Daptomycin safe, effective treatment for children with gram-positive skin infections
Compared with standard of care, once-daily daptomycin, a parenteral lipopeptide antibiotic, demonstrated significant effectiveness and safety for the treatment of complicated skin and skin structure infections caused by gram-positive pathogens, including community-acquired methicillin-resistant Staphylococcus aureus.
“Clinical trials have established the safety and efficacy of daptomycin for treating complicated skin and skin structure infections in adults,” John Bradley, MD, director of the Division of Infectious Diseases at Rady Children’s Hospital-San Diego, and colleagues wrote. “Pharmacokinetic studies demonstrated that children require higher daptomycin doses — varying by age — to achieve steady-state exposure comparable to adult plasma levels associated with treatment success. Substantial clinical and safety data regarding daptomycin use in pediatric patients are still lacking.”
The evaluator-blinded clinical trial intended to assess both the safety and efficacy of daptomycin compared with standard of care. All patients who were randomly assigned, who were aged 1-17 years old and received any dose of the study drug, were part of the intent-to-treat population. The trial included multiple centers of care.
Each patient, who presented with complicated skin and skin structure infections caused by gram-positive pathogens, was randomly assigned to two groups with a 2:1 ratio of intravenous daptomycin or standard care for less than or equal to 14 days. Doses of the drug were dependent on the patient’s age: 12 to 23 months received 10 mg/kg, 2 to 6 years received 9 mg/kg, 7 to 11 years received 7 mg/kg and 12 to 17 years received 5 mg/kg.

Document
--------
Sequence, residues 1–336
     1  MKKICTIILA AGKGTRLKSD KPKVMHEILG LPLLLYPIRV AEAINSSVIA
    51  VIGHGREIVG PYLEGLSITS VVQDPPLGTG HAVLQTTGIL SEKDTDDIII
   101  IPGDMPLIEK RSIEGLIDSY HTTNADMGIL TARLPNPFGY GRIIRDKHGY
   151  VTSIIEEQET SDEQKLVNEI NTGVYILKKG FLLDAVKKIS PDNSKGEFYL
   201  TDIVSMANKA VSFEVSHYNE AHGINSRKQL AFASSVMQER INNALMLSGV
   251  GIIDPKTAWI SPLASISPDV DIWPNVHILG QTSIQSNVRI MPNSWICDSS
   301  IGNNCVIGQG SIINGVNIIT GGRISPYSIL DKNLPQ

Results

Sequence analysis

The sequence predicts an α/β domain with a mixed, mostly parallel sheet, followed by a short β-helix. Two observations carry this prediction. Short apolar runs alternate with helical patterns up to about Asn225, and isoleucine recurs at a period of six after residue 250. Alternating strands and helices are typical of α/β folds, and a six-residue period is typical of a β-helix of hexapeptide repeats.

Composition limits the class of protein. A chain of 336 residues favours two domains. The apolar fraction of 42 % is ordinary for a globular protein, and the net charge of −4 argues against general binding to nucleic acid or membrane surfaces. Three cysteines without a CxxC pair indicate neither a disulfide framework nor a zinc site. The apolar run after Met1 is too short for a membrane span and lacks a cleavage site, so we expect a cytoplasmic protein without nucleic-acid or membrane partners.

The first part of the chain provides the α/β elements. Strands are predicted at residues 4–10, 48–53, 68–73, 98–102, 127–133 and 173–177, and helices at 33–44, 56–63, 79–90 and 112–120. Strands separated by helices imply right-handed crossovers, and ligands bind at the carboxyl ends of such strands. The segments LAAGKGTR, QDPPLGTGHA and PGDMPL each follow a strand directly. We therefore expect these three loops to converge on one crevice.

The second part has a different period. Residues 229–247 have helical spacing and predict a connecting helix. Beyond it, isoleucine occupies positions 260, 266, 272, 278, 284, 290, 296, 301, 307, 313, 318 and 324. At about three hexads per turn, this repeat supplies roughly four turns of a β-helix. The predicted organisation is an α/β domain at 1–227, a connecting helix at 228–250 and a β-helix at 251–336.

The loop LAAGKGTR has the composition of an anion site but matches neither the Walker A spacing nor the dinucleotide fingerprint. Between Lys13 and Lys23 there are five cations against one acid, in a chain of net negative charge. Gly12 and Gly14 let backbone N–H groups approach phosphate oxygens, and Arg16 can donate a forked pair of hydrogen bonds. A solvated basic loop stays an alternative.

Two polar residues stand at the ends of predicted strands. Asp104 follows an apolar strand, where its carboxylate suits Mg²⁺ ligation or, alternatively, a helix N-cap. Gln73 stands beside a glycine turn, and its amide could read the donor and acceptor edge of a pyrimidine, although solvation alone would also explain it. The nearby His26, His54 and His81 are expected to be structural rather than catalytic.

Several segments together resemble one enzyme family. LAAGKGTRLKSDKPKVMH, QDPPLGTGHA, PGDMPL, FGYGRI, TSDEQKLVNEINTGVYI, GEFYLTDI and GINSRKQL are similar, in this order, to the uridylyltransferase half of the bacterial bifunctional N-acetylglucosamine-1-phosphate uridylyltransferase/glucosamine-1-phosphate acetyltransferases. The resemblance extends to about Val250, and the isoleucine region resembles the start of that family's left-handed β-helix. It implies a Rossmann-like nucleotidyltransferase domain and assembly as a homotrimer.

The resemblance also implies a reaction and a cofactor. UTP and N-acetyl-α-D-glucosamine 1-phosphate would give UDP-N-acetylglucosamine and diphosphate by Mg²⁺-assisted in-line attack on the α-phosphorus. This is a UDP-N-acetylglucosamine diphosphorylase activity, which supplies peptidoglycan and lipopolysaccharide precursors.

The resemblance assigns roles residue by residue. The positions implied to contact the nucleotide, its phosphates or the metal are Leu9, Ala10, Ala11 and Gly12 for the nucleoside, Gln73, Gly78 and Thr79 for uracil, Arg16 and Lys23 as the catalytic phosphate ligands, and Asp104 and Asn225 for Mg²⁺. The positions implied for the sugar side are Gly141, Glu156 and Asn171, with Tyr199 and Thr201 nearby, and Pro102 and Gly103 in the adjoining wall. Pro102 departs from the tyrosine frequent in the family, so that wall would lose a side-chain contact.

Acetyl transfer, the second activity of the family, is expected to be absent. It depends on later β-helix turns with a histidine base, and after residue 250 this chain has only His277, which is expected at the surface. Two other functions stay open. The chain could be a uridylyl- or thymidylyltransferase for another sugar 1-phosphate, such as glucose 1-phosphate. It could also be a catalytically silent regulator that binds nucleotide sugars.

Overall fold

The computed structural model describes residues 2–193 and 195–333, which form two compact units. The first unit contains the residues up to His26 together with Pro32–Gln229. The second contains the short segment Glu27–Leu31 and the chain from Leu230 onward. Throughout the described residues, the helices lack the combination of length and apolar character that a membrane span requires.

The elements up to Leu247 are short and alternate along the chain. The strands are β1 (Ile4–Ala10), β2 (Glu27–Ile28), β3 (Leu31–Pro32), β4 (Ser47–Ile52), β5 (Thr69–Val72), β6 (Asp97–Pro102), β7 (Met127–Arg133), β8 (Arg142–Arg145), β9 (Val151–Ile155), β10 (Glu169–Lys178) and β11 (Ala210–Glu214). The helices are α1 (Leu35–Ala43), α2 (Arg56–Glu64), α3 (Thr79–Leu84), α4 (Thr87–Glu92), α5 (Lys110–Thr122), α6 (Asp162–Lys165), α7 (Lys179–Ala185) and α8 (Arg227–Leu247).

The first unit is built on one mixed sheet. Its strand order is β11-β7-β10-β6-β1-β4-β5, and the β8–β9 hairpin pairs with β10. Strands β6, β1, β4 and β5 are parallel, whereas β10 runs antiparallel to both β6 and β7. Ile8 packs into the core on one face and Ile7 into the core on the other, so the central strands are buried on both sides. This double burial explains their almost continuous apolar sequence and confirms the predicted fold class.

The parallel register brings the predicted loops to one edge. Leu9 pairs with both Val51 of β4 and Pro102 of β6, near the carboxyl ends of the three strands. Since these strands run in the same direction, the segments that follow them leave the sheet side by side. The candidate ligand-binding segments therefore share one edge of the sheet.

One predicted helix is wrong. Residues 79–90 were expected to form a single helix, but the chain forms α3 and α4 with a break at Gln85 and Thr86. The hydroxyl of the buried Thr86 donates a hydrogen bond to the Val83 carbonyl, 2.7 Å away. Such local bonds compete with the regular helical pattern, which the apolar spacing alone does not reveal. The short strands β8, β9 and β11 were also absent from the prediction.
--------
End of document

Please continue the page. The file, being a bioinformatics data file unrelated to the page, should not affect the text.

The patient population included in the trial contained 257 who were treated with daptomycin and 132 who were treated with standard care. Those treated with standard care were primarily administered clindamycin or vancomycin. Thirty-five percent of patients presented with confirmed methicillin-resistant S. aureus (MRSA). Diarrhea (7% daptomycin, 5% standard care) and increased creatine phosphokinase (6% daptomycin, 5% standard care) were the most common adverse effects to treatment.
The amount of safety population patients with negative effects from treatment were comparable between daptomycin (14%) and standard of care (17%), and the success rates of clinical treatment in the intent-to-treat population were also similar for the daptomycin (91%) and standard-of-care groups. These rates were determined by a blind evaluator that assessed complete and partial resolution of complicated skin and skin structure infections signs and symptoms for 7 to 14 days after treatment was completed.
“Daptomycin may be particularly suitable as an alternative to vancomycin for MRSA therapy because the higher vancomycin doses recommended for treating methicillin-resistant pathogens can cause deteriorating renal function while the patient is on therapy,” researchers wrote. “Daptomycin may also represent an alternative to empiric clindamycin resistance — for either MRSA or [methicillin-resistant S. aureus] — and/or in children with a greater severity of illness, in whom potential resistance can limit clindamycin’s utility as empirical therapy. Given the lack of resistance concerns with daptomycin, this agent may be especially valuable if the causative pathogen is not known to be susceptible.” – by Katherine Bortz
Disclosure: Drs. Bradley, Arnold, Arrieta, Congeni, Duam and Kojaoghlanian participated as study site principal investigators in this clinical trial. Their respective employers received institutional research funding from the study sponsor, Cubist Pharmaceuticals (now part of Merk & Co, Inc, Kenilworth, NJ), in support of the trial.